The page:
Osmotically driven membrane processes (ODMPs) such as forward osmosis (FO) and pressure retarded osmosis (PRO) have been extensively investigated for utilisation in a broad range of applications, including water treatment and desalination, power generation, and dewatering of aqueous solutions.
In ODMPs, the operating conditions and membrane properties play more critical roles in mass transport and process performance than in pressure-driven membrane processes.
However, a literature search reveals that ODMP membranes – especially newly developed ones – are tested under different temperatures, draw solution compositions and concentrations, flow rates, and pressures. In order to compare different membranes, it is important to develop standard protocols for testing of membranes for ODMPs.
In this article in a Special Issue of Desalination on Recent Advances in Forward Osmosis, a standard methodology is presented for testing of ODMP membranes, based on experience gained and operating conditions used in FO and PRO studies in recent years.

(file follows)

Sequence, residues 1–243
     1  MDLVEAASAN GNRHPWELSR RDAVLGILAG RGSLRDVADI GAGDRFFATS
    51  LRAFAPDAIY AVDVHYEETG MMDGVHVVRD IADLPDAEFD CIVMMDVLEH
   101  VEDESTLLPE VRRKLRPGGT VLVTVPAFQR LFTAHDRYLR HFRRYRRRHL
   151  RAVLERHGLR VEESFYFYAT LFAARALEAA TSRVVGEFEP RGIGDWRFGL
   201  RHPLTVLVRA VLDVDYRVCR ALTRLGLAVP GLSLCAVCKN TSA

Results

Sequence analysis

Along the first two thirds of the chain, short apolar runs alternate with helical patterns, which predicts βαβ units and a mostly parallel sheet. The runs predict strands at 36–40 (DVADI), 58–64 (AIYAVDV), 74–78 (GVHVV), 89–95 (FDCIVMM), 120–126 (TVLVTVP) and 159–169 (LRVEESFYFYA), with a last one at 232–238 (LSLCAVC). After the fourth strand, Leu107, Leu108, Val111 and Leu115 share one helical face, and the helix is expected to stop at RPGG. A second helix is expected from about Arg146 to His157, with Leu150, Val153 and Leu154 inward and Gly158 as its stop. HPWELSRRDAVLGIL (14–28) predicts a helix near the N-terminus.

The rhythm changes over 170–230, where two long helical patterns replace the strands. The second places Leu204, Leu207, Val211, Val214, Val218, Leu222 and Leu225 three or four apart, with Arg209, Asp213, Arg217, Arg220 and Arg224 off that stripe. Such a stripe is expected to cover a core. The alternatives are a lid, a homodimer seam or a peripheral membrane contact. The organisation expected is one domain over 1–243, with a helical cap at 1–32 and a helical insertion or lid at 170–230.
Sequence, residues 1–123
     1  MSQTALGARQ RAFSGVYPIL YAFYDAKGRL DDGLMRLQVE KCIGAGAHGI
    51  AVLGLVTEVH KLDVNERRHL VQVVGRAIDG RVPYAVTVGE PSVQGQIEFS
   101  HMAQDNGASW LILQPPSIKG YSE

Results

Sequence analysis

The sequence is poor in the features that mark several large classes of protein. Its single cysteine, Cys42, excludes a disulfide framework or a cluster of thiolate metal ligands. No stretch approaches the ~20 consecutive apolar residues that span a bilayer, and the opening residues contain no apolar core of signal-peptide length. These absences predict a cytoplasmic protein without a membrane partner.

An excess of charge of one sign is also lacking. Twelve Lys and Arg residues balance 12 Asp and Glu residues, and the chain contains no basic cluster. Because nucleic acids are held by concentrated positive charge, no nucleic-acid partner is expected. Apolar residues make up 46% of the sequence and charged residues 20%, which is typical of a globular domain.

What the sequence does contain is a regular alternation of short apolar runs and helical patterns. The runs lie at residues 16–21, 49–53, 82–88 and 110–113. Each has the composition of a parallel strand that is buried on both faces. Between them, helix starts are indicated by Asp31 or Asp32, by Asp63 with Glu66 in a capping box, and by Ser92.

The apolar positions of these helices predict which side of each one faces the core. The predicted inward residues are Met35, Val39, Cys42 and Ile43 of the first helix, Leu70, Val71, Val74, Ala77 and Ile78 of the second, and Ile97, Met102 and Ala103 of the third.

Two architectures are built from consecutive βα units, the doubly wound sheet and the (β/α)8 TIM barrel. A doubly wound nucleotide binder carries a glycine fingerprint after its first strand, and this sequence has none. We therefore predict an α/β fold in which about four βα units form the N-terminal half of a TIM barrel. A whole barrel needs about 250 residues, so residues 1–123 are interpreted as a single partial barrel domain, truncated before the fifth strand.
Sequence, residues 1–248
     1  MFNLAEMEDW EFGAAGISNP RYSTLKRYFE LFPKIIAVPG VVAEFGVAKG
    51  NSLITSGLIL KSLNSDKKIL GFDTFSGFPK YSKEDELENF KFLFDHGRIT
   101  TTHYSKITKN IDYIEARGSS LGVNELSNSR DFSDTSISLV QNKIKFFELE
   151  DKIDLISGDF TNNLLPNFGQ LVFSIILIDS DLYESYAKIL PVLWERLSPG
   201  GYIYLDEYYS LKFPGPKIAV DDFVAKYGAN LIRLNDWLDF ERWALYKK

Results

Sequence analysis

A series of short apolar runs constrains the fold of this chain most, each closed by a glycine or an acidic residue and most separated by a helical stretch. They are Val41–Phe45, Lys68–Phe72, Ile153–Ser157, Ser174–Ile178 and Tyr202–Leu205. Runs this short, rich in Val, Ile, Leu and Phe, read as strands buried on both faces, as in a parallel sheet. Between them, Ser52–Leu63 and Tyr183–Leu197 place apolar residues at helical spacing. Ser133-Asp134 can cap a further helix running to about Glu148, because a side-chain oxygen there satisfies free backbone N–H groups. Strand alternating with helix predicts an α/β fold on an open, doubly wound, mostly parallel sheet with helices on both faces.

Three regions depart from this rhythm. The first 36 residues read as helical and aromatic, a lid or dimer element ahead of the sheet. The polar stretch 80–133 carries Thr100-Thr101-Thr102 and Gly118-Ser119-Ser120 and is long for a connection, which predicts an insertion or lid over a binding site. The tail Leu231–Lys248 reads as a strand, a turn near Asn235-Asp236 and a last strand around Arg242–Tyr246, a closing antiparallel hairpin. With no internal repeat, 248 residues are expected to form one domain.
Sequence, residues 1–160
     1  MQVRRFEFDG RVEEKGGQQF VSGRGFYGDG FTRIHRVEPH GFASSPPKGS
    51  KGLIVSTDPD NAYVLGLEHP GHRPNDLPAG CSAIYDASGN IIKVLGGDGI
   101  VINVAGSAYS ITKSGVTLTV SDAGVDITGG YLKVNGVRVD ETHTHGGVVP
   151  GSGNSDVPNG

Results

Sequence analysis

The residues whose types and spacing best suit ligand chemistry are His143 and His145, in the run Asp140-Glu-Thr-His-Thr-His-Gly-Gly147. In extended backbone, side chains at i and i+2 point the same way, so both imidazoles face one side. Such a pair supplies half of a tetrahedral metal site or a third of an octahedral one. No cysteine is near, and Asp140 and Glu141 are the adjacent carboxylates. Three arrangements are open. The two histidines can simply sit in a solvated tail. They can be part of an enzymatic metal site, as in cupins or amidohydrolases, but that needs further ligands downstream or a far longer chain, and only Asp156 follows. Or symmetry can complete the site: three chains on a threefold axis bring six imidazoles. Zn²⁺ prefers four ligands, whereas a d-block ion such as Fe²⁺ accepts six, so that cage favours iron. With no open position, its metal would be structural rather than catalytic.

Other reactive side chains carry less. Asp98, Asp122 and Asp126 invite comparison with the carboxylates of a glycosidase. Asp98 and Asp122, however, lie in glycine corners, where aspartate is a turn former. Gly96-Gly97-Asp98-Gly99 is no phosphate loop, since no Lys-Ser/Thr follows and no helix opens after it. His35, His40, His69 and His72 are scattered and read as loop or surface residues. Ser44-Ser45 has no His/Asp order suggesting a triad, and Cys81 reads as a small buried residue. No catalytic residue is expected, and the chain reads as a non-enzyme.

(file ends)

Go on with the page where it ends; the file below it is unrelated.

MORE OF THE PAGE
Round-robin testing of two commercial membranes in seven independent laboratories revealed that water flux and membrane permeability coefficients were similar when the participants performed the experiments and calculations using the same protocols.
The thin-film composite polyamide membrane exhibited higher water and salt permeability than the asymmetric cellulose-based membrane, but results with the high-permeability, thin-film composite membrane were more scattered.
While salt rejection results in RO mode were relatively similar, salt permeability coefficients for both membranes in FO mode were more varied.
The results suggest that high-permeability ODMP membranes should be tested at lower hydraulic pressure in RO mode, and that RO testing should be conducted with the same membrane sample that is used for testing in FO mode.